India Travel Information

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There are no restrictions on the amount of foreign currency or travelers\' checks a tourist may bring into India provided he makes a declaration in the Currency Declaration Form given to him/her on arrival. This will enable him not only to exchange the currency brought in, but also to take the unspent currency out of India on departure. Cash, bank notes and travelers\' checks up to US$ 10,000 or equivalent, need not be declared at the time of entry. Any money on the form of travelers\' checks, drafts, bills, checks, etc. in convertible currencies, which tourists wish to convert into Indian currency, should be exchanged only through authorized money changers and banks who will issue an encashment certificate that is required at the time of reconversion of any unspent money into foreign currency. Exchanging of foreign exchange other than through banks or authorized money changers is an offense under the Foreign Exchange Regulations Act 1973.

Visitors are generally required to make an oral baggage declaration in respect of baggage and foreign currency in their possession. They are also required to obtain the Currency Declaration Form from the Customs. They should fill in the Disembarkation Card handed to them by the airline during the course of the flight. There are two channels for Customs clearance: Green Channel: for passengers not in possession of any dutiable articles or unaccompanied baggage. Red Channel: For passengers with dutiable articles or unaccompanied baggage or high value articles to be entered on the Tourist Baggage Re-Export Form.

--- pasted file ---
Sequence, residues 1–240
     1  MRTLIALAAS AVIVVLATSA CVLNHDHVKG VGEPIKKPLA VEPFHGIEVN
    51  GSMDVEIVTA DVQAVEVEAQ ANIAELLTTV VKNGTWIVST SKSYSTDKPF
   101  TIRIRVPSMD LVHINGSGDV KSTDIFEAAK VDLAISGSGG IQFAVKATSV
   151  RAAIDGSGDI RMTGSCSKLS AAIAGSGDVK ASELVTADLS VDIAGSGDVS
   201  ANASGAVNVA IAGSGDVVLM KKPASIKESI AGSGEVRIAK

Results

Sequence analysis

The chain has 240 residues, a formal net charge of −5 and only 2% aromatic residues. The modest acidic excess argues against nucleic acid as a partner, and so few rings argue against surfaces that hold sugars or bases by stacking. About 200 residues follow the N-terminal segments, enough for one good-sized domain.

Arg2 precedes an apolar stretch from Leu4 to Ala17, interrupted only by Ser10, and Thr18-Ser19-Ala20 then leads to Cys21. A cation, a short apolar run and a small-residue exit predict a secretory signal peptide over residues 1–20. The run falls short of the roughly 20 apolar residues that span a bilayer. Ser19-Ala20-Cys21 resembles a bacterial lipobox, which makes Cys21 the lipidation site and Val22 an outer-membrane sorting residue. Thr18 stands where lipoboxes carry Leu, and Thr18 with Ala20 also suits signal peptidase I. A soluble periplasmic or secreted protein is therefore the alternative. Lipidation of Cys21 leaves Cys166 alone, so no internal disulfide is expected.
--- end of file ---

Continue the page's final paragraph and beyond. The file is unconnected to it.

Foreign tourists should be in possession of their Yellow Fever Vaccination Certificate conforming to International Health Regulations, if they are originating or transiting through Yellow Fever endemic countries.

Passengers embarking on journeys to any place outside India from a Customs airport / seaport will have to pay a Foreign Travel Tax (FTT) of Rs.500/- to most countries and Rs.150/- on journeys to Afghanistan, Bangladesh, Bhutan, Burma, Nepal, Pakistan, Sri Lanka and the Maldives.

In case of transit passengers, provided they do not leave the Customs barrier, Transit passengers traveling by air who have to leave the airport on account of mechanical trouble but continue their journey by the same aircraft and the same flight number by which they arrive are also exempt from FTE. Transit sea passengers leaving the ship for sightseeing, shopping, etc., during the ship\'s call at any of the Indian ports will not be required to pay FTT.

An Inland Air Travel Tax is leviable at 10 per cent of the basic fare, on all passengers embarking on an inland air journey. However, those passengers paying their Airfare in foreign exchange will be exempted from payment of this tax. In addition, infants, cancer patients, blind persons and invalids (those on stretchers) are also exempted from payment of this tax after fulfilling certain conditions, stipulated in the relevant notifications.

India is a delight for tourists interested in history and culture. Go for a conducted tour if your stay in a city is short. Most hotels, big and small, have arrangements with local tour operators. Use such arrangements. Carry enough bottled drinking water with you at the start your tour.
 Avoid conducted tours if your stay within a city is long. Get a car with a driver from a rental firm and let him take you around at your pace. You can also strike a deal with a taxi driver for a day-long tour of the place you are in, but ask your hotel to get you a taxi driver they know and trust. Invite your driver to join you for the meals you have in the course of the tour. Tip him at the end of the tour.

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